Feature Stories Campus Events All Stories

Peter Edelman of Georgetown University to Deliver Virtual Lecture on Poverty Edelman’s talk will be held on Jan. 17 and is sponsored by the Blue Ridge Mile Clinic.

edelman_peter-600x400 Peter Edelman of Georgetown University to Deliver Virtual Lecture on Poverty

Peter Edelman, the Carmack Waterhouse Professor of Law and Public Policy at Georgetown University Law Center, will give a virtual lecture on Wednesday, Jan. 17 at 5:30 p.m.

Edelman’s lecture is sponsored by W&L’s Blue Ridge Mile Clinic, a student-led initiative within the Shepherd Program that aims to support clients in navigating the steps required to obtain or reinstate a driver’s license, learn about and attempt to address the systematic and personal challenges of these  processes, and gain an understanding of district court and Department of Motor Vehicles practices.

The lecture, which is free and open to the public, will be delivered via Zoom, with an in-person viewing in Huntley Hall 221. Registration is encouraged, but not required.

Edelman joined Georgetown’s faculty in 1982, where he teaches constitutional law and poverty law and serves as faculty director of the Georgetown Center on Poverty and Inequality. He has also served in all three branches of the federal government, including as counselor to the U.S. Department of Health and Human Services Secretary under President Bill Clinton, legislative assistant to Senator Robert F. Kennedy, and law clerk to Supreme Court Justice Arthur J. Goldberg.

Edelman’s research focuses on poverty, constitutional law, and issues about children and youth, and he has contributed to numerous law reviews, scholarly journals and edited volumes, as well as authored several books including “So Rich So Poor: Why It’s So Hard to End Poverty in America” (2012) and “Not a Crime to Be Poor: The Criminalization of Poverty in America” (2017).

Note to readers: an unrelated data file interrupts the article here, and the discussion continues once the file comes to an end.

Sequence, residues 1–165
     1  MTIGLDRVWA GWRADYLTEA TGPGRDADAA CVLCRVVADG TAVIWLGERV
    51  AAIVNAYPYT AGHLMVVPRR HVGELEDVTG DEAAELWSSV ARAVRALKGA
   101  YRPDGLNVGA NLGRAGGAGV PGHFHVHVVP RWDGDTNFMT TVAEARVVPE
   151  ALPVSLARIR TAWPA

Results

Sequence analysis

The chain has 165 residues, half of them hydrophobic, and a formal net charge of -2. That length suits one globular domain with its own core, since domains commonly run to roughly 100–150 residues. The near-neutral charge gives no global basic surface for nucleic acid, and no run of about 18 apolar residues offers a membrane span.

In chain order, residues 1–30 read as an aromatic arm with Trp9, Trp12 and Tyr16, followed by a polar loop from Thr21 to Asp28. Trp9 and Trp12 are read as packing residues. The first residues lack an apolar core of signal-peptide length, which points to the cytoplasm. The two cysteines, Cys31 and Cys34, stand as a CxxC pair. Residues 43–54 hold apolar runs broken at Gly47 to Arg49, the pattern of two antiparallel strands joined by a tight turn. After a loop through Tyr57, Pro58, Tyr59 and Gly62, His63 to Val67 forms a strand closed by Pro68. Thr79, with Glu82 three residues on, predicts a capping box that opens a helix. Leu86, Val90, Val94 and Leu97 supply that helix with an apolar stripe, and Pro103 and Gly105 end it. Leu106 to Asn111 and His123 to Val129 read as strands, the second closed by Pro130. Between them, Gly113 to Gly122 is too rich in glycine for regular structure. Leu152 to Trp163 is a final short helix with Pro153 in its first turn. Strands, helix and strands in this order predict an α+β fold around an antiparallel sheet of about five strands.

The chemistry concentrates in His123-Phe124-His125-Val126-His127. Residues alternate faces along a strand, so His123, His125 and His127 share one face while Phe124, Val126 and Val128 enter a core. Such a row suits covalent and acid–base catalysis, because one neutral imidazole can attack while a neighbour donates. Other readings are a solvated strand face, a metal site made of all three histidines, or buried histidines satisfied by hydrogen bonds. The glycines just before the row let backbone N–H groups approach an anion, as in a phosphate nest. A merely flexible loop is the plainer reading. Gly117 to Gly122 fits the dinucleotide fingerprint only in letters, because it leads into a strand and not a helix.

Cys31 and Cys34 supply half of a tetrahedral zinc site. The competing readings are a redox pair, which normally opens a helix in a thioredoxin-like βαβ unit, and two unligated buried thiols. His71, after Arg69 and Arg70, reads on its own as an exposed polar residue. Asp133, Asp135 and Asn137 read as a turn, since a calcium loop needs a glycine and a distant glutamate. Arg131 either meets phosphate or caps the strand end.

In his talk, Edelman will discuss topics from “Not a Crime to Be Poor,” which explores the trends in some states to criminalize individuals who have low income by imposing high fines and court fees on driving-related offenses, and in some states, unpaid court costs result in license suspensions, which ultimately can result in jail time.

“In the scope of his book, Edelman identifies a systemic challenge relevant to the work of Blue Ridge Mile, which aims to encourage and support individuals in reinstating or obtaining driving privileges,” said Fran Elrod, associate director of the Shepherd Program at W&L and university adviser to the Blue Ridge Mile Clinic.

If you would like Blue Ridge Mile to purchase a copy of “Not a Crime to Be Poor” for you to pick up prior to the event, please complete the registration form here.